In Deuteronomy and other places, the Bible talks about the sins of the Father being passed down to future generations. Well, moral issues aside, I can see how a father’s financial transgressions can hinder the prosperity of future generations. But did you know that in probate court the financial sins of a son or daughter can impact the inheritance of their brothers or sisters?
PRIOR TO A SALE OF REAL ESTATE, SELLER JUDGMENTS MUST BE PAID
When real estate is sold, part of the job of title company is to check for judgments against the seller. Before a home can be sold, any such judgment must be paid. They can be paid prior to settlement or paid from the proceeds at settlement but they must be paid before the buyer can get clear title and thus title insurance. Why? Judgments, whether technically filed against a home or not, are liens against the property. Even after the sale the creditor can make a claim.
(FYI, for a married couple, in order for the judgments to attach to real estate, if title is held as tenancy by the entirities, both spouses must be on the judgment. See my blog on Tenancy by the Entirety)
Now, when a person dies and there is real estate involved, the title company will check to see if there are any judgments against the deceased AND all heirs. At the time of death, even though title has not transferred, all heirs have an interest in the property and are technically owners. So any judgments against the heirs are a lien against the property.
So what does this mean in the real world?
HENRY PAYS FOR HIS SISTER’S MORTGAGE WHEN SHE DEFAULTS
Henry was an upstanding citizen paying all of his debts on time. His sister Elsie was also responsible but due to medical issues and a job loss, she lost her home and has a $100,000 default judgment against her from the lender on her old home.
Henry and Elsie’s Mom passed away 10 years ago and recently their Dad passed leaving a house to both of them with directions in his will to sell it and split the proceeds. After paying off the Dad’s mortgage, there was $12o,000 to be split. It looked like each sibling would get $60,000. But since the $100,000 judgment against Elsie was on record, that needed to be satisfied, leaving only $20,000 to be disbursed to Henry and Elsie.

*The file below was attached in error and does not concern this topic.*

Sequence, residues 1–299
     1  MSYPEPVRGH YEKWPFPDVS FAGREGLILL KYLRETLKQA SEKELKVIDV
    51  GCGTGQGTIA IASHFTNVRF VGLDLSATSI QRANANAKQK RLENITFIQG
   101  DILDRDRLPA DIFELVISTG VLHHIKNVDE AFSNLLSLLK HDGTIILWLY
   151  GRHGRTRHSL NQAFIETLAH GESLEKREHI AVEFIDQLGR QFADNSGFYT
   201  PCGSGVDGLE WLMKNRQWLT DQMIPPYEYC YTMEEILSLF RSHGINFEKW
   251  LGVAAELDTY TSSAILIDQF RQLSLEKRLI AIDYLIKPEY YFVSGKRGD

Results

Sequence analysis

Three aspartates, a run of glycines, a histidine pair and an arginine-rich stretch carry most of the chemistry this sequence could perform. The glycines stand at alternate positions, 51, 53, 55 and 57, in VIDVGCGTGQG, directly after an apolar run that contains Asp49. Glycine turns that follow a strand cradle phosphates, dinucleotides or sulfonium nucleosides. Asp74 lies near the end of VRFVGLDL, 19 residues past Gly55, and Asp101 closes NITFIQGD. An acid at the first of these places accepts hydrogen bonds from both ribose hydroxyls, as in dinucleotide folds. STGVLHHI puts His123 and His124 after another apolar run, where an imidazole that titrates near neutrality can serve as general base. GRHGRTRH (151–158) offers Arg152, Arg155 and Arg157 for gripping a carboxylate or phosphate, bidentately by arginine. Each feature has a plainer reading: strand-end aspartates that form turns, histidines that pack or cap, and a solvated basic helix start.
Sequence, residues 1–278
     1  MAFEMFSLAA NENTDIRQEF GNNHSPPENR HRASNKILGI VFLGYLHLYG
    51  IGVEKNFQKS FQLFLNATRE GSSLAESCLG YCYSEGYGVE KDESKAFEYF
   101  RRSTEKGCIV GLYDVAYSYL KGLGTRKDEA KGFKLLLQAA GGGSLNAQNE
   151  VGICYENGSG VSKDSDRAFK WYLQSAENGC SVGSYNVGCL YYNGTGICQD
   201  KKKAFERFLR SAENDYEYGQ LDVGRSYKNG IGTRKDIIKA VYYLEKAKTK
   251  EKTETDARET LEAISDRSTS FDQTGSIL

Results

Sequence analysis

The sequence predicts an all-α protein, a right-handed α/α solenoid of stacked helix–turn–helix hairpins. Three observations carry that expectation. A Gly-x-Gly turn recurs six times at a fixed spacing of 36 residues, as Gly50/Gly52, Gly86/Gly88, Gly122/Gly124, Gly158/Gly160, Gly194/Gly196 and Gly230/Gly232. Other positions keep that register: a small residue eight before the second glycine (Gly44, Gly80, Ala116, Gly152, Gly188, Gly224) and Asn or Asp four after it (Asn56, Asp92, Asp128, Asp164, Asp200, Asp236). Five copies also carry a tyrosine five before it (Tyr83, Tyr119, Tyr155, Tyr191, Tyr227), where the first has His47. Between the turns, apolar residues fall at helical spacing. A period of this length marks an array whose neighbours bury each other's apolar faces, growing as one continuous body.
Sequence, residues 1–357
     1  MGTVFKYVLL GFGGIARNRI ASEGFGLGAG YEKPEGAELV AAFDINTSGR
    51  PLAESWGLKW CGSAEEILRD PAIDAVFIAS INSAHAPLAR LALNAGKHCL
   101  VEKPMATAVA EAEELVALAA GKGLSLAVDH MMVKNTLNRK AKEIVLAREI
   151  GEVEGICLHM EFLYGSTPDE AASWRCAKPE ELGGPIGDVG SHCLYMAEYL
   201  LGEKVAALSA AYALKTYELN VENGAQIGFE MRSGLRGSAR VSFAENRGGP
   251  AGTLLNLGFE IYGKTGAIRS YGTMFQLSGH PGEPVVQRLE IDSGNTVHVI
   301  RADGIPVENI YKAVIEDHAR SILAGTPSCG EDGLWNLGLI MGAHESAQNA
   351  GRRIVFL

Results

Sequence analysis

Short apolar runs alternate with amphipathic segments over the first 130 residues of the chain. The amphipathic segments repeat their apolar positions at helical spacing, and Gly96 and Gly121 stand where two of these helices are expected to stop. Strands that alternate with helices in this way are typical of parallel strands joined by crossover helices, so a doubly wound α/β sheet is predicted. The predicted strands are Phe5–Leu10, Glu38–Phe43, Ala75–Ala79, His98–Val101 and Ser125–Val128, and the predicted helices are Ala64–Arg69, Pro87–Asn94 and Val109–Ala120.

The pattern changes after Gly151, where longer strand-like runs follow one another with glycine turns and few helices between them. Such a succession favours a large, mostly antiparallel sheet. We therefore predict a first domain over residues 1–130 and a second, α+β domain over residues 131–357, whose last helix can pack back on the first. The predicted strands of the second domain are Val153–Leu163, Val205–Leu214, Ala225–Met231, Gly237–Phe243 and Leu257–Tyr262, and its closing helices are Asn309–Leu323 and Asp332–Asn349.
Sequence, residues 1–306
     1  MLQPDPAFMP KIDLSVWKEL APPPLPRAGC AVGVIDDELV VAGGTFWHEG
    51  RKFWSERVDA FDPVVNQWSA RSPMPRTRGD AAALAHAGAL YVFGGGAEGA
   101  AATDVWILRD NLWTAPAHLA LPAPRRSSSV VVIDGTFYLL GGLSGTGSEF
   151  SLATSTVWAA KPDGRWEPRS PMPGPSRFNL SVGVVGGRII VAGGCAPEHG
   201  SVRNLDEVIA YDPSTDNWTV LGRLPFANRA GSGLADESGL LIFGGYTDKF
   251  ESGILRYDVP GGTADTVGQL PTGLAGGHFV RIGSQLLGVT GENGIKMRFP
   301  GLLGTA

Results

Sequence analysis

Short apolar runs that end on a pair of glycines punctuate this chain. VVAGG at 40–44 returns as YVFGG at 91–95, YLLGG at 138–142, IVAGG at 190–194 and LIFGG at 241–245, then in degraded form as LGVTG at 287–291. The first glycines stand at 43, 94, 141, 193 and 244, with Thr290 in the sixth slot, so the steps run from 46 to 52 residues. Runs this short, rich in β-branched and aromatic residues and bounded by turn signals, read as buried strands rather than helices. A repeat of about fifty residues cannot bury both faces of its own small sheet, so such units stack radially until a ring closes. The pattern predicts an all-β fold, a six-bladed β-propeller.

Now, while this scenario can really happen, reality is that there will be negotiations with Elsie’s creditor and there may be legal maneuverings that change the outcome. However, these take time and often the parties don’t arrive at the final answer until there is a contract for the home and everyone knows the numbers. Will settlement be delayed? Will the buyer wait? Or what if Elsie owed $200,000 to her lender and the proceeds were only $120,000? The home could not be sold until a compromise is reached and buyers either a) get scared and walk or b) want a huge price reduction for the inconvenience and risk.
PROPER PLANNING CAN AVOID THIS PERIL
After the homeowner dies, it is too late to do anything but prior to their death there are steps that can be taken. If there is open communication between Dad, Henry and Elsie about Elsie’s financial predicament, Dad can revise his will to create a clear path for the house to be sold. If the will is revised so that Henry is the only heir, Elsie’s judgment is no longer in play. All proceeds will go to Henry. How Henry handles things from there is between Henry, his conscience and his sister but the house can be sold.
I know these situations exist. I have seen children specifically excluded from wills because of judgments against them. But I am not an attorney so do not take action simply because of this blog. Do talk to an attorney about your situation. Your situation may have twists and turns that require strategies not discussed here. Your state law may be different. The point of this blog is to bring this issue to light. If you know you are a heir along with someone who has judgments against them, talk to an attorney now before the homeowner passes. Do not revise a will or take any other action because of this blog. Call an attorney first.
Okay, that said, my last point…..
IF YOU HAVE INHERITED A HOME, CALL ME TO PUT IT ON THE MARKET – I WORK TO AVOID SURPRISES
I do quite a bit of probate work. Having a loved one pass is stress enough. You don’t need to have surprises pop up when you think you have the house sold. Before we put the property on the market, I will have a title search run at no cost to you to ensure we have no surprises including known judgments against the heirs. There are other things that can crop up in a probate case as well – more mortgages on the property than the heirs know about, unreleased trusts, missing death certificates, etc. If we know these issues in advance, we can usually find a work around. The worst scenario is to get a home under contract, have the title work run and then find out there is an issue. You can’t risk a probate sale with just any Realtor. You need a Realtor experienced in this niche. That person is me.